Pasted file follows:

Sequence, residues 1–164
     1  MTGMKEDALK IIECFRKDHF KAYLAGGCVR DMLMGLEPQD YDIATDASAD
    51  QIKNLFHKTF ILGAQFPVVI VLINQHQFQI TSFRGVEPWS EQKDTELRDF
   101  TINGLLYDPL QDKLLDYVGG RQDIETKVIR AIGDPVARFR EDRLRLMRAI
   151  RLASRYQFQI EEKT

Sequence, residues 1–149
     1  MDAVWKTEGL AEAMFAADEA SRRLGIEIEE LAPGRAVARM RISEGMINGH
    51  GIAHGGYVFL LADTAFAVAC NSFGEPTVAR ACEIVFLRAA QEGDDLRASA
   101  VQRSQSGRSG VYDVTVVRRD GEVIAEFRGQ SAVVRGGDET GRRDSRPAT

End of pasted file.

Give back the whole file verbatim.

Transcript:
Sequence, residues 1–164
     1  MTGMKEDALK IIECFRKDHF KAYLAGGCVR DMLMGLEPQD YDIATDASAD
    51  QIKNLFHKTF ILGAQFPVVI VLINQHQFQI TSFRGVEPWS EQKDTELRDF
   101  TINGLLYDPL QDKLLDYVGG RQDIETKVIR AIGDPVARFR EDRLRLMRAI
   151  RLASRYQFQI EEKT

Sequence, residues 1–149
     1  MDAVWKTEGL AEAMFAADEA SRRLGIEIEE LAPGRAVARM RISEGMINGH
    51  GIAHGGYVFL LADTAFAVAC NSFGEPTVAR ACEIVFLRAA QEGDDLRASA
   101  VQRSQSGRSG VYDVTVVRRD GEVIAEFRGQ SAVVRGGDET GRRDSRPAT